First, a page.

Online at LabourUncut here.
In a 2002 Observer article Tony Blair set out the theme of “rights and responsibilities”. He sought to expose the inadequacies of what he termed the left’s “1945 ‘big state’ that wrongly believed it could solve every social problem” and the right’s “narrow, selfish individualism of the 1980s”. For Blair, responsibilities were concomitant with rights. Admirable people and organisations, from MPs to QCs, Amnesty to Liberty, the CAB to the EU, have ensured that rights are now well-defined and defended. We must remain vigilant about rights, but now it’s time to foster a “responsibilities culture.”
The culture of rights, fought for by philosophers, politicians and ordinary people throughout history has advanced human happiness, security and economic prosperity. It achieved this by imbuing individuals with rights by virtue of being human, not as gifts of God or the state.
Responsibilities should be given this irreducible, non-negotiable status. “I know my rights” is the unacceptable face of rightsism. The responsibilities agenda has historically been directed at the poor rather than the better-off, when in fact it is a universal imperative. In the future, it would be good to hear more of, “I know my responsibilities”, from citizens, companies and organisations throughout society and the economy.
Here are a few areas where the responsibilities revolution could take effect:
We are required to by the law to obey its strictures. However, we each have a moral responsibility to avoid illegal behaviour. Our criminal justice system would be much less necessary if people accepted the not unreasonable responsibility to desist from harming others. We should spend less time trying to understand the “causes” of crime and more on instilling a sense of respect for others and ensuring that violators fear the law and wider community. The challenge is huge: despite crime apparently falling, the Met reported last week that violent crime in London is up 25 per on last year.
This week, several hospitals declared major incidents due to A&E over-crowding. NHS England’s Professor Keith Willett has previously said that between 15 and 30 per cent of people presenting at A&E do not need actually need to be there. Andy Burnham is right to blame cuts to social care, problems with the 111 system, and insufficient GP capacity, but individuals share a responsibility to help the NHS work effectively. While the NHS must treat all ailments compassionately, we must overcome our British reticence about the “nanny state” and more actively encourage people to change their lifestyles in order to prevent medical conditions. Gastric band surgery may be cost-effective compared to treating the long-term conditions caused by obesity, but not becoming obese in the first place would be better for individuals, the NHS and economy. Labour’s public health agenda can, in government, do more to assist individuals to lead healthier lives.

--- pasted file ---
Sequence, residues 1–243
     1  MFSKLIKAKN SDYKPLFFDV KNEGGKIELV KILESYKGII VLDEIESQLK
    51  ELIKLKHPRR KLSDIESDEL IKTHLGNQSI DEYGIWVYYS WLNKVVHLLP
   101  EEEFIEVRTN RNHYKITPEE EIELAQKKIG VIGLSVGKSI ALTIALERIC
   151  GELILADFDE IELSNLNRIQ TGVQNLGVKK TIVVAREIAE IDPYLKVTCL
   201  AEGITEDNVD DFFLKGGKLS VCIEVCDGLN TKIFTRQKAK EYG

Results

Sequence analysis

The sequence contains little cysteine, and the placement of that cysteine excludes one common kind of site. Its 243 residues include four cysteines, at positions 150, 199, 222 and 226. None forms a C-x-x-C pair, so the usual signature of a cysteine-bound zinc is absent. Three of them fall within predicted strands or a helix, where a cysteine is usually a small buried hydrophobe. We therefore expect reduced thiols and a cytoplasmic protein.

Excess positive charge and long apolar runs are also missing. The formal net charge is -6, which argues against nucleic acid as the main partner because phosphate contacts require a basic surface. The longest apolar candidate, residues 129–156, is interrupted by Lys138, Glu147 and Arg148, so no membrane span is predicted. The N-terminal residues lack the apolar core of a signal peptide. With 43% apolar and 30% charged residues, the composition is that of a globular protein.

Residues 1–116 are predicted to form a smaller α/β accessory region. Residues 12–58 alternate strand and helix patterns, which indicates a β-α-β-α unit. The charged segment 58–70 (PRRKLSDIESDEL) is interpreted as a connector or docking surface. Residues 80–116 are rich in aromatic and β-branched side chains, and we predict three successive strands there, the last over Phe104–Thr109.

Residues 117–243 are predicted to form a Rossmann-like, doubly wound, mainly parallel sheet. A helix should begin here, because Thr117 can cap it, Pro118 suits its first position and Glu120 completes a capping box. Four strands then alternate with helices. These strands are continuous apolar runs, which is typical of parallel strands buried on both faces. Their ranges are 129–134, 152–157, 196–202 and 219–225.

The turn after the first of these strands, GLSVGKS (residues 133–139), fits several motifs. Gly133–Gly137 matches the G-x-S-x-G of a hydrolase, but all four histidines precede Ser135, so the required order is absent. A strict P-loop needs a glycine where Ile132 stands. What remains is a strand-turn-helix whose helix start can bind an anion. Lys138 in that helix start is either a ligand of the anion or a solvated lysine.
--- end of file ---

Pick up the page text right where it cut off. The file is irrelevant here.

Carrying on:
Governments must cease holding teachers entirely responsible for tackling deep-set societal problems. Parents should be made far more aware that it is their responsibility to send children to school with respect for staff, a thirst for learning and with good behaviour. A national Parental Responsibility Code could be brought in.
We need more school governors, more parents able to run sports or music clubs, more Special Constables, more philanthropy, more social activism. Citizens taking on these responsibilities shouldn’t be regarded as the exception, but the norm. Empowered, active citizens of all social classes and backgrounds should feel that they are community leaders, that they are responsible for maintaining high standards within their communities. They shouldn’t require permission from sometimes moribund councils or “the authorities”. Employers could be required to allow employees time off to volunteer, just as with armed forces reservists.
False idols like Russell Brand and other prophets of apathy and cynicism fill a vacuum created by mainstream politicians. Yet the blame isn’t politicians’ alone and must be shared with the media and public. People often say that politicians are (delete as appropriate) “all the same/corrupt/don’t listen/are lining their pockets”. These are false statements. We each have a responsibility to use the political system to change our country for the better, including, if necessary, the constitution. People can vote, join a political party or even create their own –nobody stopped Mr Farage.
Unlike our Tory and Lib Dem opponents, we in the Labour Party believe in the power and responsibility of the state to do this. Take the Tories’ Big Society agenda which focused exclusively individual and charitable action because of their ideological antipathy to an active state. It is no good proclaiming the virtues of active citizenship if you’re slashing local and national government spending. People can only volunteer in their communities if their jobs don’t require them to work all hours and if communities, through local councils, have the buildings, the playing fields in which clubs can flourish.
Only Labour can usher in a responsibilities revolution, because we can set out how the state’s responsibilities can nurture those of individuals and vice versa. Unlike our opponents, we see an enabling state working in partnership with individuals and communities to help create a fairer, more prosperous Britain.
As J. F. Kennedy didn’t quite say:
“Ask not which rights your country can protect for you, but ask instead what responsibilities you have to yourself, your community and your country”.